A massive example weighing just over 800 grams. With scabbard.
Rattan, lacquer, pigments, copper, gold
Sri Lanka, Matale district
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An antique Sinhalese walking cane, made of a light and relatively flexible rattan. It is lacquered in a style known as "Mātale work" or Niyapoṭen vēda (නියපොටෙන් වේද) or "finger-nail work". This distinctive type of lacquer is applied entirely without the use of brushes.
For an in-depth article on this type of work, see my article: Sinhalese lacquer work.
The top is capped with a detachable gilt-copper cap with floral engravings.
The decoration at the very top consists of stylized petals, called palā peti. Then collor plain lines; ādāra-koṇḍu, and dots; bin̆duva. Then follows a band of circles and squares called dẹla, or "net".
Then follows various plain sections with black or red background, decorated with bands of ādāra-koṇḍu and bin̆duva, and one more instance of dẹla on a black background.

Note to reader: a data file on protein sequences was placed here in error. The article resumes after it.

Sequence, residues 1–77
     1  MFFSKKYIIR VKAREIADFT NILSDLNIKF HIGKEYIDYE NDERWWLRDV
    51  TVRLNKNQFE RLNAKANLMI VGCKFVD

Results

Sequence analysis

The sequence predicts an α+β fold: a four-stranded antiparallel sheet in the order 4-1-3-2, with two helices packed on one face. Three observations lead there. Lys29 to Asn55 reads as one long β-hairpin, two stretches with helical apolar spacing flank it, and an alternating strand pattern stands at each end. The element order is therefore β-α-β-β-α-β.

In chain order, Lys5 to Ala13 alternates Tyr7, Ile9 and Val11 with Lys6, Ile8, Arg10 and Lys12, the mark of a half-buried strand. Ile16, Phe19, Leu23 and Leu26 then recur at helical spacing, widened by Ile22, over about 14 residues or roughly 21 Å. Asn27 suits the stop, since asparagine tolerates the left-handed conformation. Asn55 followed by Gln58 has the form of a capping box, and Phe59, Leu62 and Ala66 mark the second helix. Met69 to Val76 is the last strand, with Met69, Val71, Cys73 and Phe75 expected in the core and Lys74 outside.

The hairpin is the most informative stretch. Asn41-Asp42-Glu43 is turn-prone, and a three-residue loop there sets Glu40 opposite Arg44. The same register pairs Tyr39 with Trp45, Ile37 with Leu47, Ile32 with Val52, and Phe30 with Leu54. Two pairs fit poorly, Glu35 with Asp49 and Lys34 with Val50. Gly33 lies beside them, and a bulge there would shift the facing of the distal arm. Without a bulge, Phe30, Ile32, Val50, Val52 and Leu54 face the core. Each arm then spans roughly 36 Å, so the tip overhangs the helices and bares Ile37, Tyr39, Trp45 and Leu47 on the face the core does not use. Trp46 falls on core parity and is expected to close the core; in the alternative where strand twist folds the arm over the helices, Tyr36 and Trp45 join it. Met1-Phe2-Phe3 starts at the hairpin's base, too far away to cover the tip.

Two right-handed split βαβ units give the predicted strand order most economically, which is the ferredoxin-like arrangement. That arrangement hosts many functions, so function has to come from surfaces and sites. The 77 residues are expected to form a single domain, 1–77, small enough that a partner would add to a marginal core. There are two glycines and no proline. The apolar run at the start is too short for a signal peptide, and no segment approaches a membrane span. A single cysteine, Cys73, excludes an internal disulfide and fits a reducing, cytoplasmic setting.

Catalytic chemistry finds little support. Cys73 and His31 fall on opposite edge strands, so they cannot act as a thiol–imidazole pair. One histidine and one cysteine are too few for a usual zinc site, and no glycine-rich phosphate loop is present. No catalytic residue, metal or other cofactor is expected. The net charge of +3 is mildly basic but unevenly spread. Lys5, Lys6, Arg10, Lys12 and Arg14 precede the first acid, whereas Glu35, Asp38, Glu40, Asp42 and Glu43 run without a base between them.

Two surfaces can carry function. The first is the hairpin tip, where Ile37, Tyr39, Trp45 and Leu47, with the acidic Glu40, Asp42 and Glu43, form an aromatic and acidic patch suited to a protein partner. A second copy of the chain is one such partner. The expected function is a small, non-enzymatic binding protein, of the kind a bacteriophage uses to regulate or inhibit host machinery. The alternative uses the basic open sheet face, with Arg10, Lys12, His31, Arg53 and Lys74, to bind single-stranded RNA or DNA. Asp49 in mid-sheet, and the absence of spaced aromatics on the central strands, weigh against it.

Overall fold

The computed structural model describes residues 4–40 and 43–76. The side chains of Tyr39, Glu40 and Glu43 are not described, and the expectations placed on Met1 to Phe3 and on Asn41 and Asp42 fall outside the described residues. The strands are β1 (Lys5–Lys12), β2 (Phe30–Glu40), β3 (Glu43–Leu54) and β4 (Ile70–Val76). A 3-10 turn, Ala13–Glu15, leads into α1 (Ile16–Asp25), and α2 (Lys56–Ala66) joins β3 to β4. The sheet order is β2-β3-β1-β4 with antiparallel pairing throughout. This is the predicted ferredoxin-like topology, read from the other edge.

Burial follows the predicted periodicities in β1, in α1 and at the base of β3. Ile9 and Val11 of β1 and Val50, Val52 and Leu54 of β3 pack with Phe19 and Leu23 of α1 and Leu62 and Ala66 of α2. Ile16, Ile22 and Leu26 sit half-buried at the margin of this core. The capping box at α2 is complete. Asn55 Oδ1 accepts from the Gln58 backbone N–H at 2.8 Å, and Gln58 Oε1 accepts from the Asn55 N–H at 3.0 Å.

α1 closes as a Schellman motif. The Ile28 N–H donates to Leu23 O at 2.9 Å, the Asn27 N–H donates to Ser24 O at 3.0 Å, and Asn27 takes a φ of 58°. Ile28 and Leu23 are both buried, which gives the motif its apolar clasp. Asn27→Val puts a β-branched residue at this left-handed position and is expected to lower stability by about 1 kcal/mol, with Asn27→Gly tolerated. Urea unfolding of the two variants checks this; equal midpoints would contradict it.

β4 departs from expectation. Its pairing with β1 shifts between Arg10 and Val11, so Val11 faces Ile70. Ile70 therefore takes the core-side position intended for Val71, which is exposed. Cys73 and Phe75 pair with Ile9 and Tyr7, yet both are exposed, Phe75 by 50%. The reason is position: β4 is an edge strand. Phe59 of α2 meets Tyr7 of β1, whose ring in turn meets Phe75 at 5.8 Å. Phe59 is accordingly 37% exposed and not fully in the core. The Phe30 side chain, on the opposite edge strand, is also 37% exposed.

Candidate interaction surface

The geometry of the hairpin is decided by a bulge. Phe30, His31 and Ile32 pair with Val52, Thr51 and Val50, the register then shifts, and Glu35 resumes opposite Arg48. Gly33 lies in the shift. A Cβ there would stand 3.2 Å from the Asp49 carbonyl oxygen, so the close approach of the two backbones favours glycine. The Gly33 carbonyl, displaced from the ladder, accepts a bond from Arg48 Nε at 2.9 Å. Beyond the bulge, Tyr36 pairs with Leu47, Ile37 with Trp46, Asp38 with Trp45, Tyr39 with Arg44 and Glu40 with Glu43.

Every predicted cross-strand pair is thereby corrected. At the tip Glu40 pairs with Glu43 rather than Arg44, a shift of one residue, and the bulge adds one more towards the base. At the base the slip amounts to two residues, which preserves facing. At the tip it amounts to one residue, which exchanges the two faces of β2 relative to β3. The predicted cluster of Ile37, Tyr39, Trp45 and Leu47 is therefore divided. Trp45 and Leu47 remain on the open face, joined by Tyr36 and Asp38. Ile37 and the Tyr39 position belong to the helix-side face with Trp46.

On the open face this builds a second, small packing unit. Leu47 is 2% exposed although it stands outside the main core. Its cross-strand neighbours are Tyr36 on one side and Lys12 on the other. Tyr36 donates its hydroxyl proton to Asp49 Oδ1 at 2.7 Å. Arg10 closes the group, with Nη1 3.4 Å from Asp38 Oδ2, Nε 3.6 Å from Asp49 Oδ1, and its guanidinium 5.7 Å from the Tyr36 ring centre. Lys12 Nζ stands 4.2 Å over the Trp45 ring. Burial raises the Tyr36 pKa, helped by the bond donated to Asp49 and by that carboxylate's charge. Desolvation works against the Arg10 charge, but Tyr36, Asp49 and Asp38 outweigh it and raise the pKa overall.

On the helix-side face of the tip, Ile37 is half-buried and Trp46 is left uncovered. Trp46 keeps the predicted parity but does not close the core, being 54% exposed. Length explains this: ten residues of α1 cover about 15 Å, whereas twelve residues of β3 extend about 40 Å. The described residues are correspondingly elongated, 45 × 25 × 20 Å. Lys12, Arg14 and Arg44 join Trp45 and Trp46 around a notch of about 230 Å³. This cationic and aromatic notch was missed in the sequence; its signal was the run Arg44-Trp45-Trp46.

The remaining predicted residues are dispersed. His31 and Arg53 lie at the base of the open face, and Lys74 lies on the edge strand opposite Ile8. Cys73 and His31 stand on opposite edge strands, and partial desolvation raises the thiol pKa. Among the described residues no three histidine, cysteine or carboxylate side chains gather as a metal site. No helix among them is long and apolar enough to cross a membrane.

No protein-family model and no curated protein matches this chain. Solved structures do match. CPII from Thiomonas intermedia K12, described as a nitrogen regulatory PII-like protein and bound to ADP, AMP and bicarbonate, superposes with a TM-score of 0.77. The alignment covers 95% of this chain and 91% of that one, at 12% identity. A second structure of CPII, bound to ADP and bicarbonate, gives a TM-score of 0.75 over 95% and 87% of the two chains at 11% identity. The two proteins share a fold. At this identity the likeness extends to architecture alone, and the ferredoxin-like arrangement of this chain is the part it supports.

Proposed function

One decorative element appears twice and eludes classification at this point: It consists of a series of wavy lines in yellow and red on a black background. The effect somewhat resembles marbling in books.
Some damage to the lacquer here and there, but generally in fairly good shape.
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Rarely seen today, a commoner's example with carved, bone hilt.
A very fine specimen, complete with ruby-set scabbard.
With designs of four dragons in scrollwork around a "wish-granting-jewel"
Constructed out of dense hardwood and with fine mother-of-pearl inlays in the Vietnamese fashion.
Covered almost entirely in very fine "sadeli" marquetry that is associated primarily with Gujarat.